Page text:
The Jolt: Kemp mounts campaign against Democratic lawmakers ahead of 2024

Gov. Brian Kemp’s political machinery is revving up its attacks on vulnerable Democratic state legislators in swing suburban districts, with mailers and texts to residents that accuse the lawmakers of “standing with criminals over us.”

The six-figure campaign, funded by Kemp’s Georgians First Leadership Committee, targets incumbents who voted against a pair of GOP-backed initiatives passed earlier this year.

The first involves House Bill 147, which requires students, school administrators and teachers to conduct safety drills that include preparedness against armed intruders. The second, Senate Bill 44, increases penalties against gang offenders.

Credit: Natrice Miller/AJC

Credit: Natrice Miller/AJC

Opponents said the school safety law was a half-measure that highlights the GOP’s refusal to enact firearms restrictions. On the gang offenders measure, Democrats argue that imposing mandatory minimum sentences undercuts an overhaul of the criminal justice system under then-Gov. Nathan Deal.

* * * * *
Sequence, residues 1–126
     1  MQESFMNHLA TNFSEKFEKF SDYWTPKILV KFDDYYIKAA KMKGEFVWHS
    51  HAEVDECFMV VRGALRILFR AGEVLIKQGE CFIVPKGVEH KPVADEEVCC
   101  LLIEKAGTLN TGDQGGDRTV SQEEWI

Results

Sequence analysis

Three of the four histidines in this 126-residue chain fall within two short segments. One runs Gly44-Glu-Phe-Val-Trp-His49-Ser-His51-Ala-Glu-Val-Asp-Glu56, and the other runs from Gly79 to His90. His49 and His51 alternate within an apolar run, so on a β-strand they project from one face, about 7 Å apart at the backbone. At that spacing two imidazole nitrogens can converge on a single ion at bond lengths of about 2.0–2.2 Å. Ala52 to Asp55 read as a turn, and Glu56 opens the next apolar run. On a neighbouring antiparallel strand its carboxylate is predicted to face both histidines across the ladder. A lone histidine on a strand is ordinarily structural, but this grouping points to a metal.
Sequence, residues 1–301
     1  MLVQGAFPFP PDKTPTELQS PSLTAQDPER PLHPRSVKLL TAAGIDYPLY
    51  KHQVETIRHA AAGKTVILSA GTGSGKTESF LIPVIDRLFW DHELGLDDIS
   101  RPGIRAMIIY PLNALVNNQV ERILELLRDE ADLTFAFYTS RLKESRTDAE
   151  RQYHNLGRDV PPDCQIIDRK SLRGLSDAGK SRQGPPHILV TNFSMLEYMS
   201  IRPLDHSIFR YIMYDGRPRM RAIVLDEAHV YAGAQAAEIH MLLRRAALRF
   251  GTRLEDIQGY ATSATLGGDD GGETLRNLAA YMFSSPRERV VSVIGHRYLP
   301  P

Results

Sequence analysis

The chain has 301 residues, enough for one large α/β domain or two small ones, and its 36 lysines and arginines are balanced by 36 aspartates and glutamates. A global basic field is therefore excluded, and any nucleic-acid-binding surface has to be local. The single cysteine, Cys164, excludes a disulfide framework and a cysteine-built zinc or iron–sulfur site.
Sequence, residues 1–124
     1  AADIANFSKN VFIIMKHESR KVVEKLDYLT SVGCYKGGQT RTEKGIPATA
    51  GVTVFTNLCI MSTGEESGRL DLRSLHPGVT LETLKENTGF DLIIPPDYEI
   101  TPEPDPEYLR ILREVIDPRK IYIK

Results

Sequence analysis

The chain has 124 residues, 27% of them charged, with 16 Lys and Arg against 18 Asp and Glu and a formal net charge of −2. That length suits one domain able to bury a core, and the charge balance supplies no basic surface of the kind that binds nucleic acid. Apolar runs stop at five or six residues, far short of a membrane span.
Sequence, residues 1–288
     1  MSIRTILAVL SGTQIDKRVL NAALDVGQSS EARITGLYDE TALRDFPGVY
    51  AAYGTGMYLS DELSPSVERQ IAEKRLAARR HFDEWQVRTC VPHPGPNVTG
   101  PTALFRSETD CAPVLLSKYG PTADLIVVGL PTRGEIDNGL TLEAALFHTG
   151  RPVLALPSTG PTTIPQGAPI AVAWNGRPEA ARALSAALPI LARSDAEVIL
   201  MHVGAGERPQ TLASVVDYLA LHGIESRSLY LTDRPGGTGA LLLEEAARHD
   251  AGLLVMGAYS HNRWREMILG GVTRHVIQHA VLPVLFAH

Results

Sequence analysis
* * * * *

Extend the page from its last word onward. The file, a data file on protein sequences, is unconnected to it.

Among the Democratic lawmakers taking heat from Kemp’s leadership committee is state Sen. Nabilah Islam. The first-term legislator from Lawrenceville bested her Republican rival by roughly 3,500 votes last year and seems likely to draw another tough challenge in 2024.

She said the mailers haven’t made an impact: “I had only one person call my office. One single person.”

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Credit: Courtesy photo

Credit: Courtesy photo

HEADS UP. Labor Commissioner Bruce Thompson plans a news conference today to discuss an internal audit that he said found $105 million in “unremitted funds” dating to 2014 and the tenure of his predecessor, Mark Butler.